National Debt is NOT like Personal Debt

Krugman explains that government debt can never be repaid when we owe it to ourselves.

Deficit-worriers portray a future in which we’re impoverished by the need to pay back money we’ve been borrowing. They see America as being like a family that took out too large a mortgage, and will have a hard time making the monthly payments.
This is, however, a really bad analogy in at least two ways.
First, families have to pay back their debt. Governments don’t — all they need to do is ensure that debt grows more slowly than their tax base. The debt from World War II was never repaid; it just became increasingly irrelevant as the U.S. economy grew…
Second — and this is the point almost nobody seems to get — an over-borrowed family owes money to someone else; U.S. debt is, to a large extent, money we owe to ourselves.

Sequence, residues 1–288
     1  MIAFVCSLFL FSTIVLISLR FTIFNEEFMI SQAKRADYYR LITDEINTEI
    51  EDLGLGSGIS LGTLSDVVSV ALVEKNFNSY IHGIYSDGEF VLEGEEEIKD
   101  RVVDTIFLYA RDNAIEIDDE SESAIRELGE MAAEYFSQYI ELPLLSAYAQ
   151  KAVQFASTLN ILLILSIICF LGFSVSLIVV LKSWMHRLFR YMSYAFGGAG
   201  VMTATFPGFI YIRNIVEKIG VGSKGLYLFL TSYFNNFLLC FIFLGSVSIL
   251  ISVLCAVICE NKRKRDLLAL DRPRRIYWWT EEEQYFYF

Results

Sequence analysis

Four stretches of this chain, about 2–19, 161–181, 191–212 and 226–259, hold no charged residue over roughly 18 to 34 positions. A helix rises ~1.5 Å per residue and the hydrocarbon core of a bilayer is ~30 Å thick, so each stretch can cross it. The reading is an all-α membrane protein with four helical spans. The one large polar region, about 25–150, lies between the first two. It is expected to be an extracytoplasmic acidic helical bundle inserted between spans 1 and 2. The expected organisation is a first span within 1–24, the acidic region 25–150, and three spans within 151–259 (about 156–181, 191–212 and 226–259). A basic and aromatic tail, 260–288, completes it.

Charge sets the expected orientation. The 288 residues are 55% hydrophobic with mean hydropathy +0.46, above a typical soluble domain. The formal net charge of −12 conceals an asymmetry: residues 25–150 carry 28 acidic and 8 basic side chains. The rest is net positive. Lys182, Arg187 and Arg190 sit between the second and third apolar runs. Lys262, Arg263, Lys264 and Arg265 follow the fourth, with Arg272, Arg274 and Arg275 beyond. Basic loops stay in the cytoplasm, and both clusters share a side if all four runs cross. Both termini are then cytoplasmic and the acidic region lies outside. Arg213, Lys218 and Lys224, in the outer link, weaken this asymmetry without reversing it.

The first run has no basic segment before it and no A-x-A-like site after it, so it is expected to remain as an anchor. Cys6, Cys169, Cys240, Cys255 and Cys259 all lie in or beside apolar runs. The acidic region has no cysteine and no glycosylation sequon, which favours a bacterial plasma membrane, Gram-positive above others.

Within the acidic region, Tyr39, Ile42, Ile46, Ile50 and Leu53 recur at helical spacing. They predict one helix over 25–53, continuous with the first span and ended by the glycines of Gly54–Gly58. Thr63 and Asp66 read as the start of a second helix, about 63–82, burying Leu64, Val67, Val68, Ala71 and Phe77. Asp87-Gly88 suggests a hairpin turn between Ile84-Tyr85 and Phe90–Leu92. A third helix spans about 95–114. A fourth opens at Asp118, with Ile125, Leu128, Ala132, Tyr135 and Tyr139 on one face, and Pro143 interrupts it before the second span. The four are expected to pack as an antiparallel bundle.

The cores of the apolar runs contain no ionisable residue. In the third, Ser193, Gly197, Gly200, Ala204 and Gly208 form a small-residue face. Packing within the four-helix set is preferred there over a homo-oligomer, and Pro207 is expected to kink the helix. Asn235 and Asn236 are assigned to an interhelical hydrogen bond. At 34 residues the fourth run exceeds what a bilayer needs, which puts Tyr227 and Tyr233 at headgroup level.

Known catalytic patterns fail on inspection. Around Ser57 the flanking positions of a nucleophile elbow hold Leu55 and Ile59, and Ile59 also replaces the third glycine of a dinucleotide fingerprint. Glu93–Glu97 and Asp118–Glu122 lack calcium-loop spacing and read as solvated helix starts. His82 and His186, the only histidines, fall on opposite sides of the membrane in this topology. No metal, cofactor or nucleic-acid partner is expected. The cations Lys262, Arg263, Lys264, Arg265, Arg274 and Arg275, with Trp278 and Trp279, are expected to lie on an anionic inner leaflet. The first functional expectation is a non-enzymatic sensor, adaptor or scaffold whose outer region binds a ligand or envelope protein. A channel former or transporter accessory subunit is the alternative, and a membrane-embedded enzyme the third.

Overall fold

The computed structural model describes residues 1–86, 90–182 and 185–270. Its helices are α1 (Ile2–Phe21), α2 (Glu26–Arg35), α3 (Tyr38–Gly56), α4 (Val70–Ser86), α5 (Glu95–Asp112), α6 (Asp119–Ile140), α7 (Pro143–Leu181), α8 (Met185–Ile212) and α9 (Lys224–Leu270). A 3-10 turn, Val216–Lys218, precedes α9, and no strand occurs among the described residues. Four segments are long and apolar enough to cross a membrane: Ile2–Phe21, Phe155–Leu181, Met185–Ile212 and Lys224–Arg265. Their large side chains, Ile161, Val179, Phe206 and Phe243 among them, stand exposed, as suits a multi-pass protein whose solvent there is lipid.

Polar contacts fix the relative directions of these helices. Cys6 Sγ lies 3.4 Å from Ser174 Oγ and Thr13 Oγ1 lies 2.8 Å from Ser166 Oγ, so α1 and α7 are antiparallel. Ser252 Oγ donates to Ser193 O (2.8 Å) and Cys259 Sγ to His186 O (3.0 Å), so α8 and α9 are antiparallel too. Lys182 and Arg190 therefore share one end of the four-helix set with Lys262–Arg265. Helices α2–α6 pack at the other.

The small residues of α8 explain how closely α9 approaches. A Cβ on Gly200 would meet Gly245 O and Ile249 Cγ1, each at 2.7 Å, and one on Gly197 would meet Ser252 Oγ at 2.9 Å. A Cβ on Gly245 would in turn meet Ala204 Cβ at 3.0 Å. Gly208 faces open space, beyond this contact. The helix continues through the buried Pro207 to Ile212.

This was clearly true of the debt incurred to win World War II. Taxpayers were on the hook for a debt that was significantly bigger, as a percentage of G.D.P., than debt today; but that debt was also owned by taxpayers… So the debt didn’t make postwar America poorer. In particular, the debt didn’t prevent the postwar generation from experiencing the biggest rise in incomes and living standards in our nation’s history.
But isn’t this time different? Not as much as you think.
It’s true that foreigners now hold large claims on the United States, including a fair amount of government debt. But [Americans now hold large claims on foreign nations too.] Every dollar’s worth of foreign claims on America is matched by 89 cents’ worth of U.S. claims on foreigners. And because foreigners tend to put their U.S. investments into safe, low-yield assets, America actually earns more from its assets abroad than it pays to foreign investors. If your image is of a nation that’s already deep in hock to the Chinese, you’ve been misinformed. …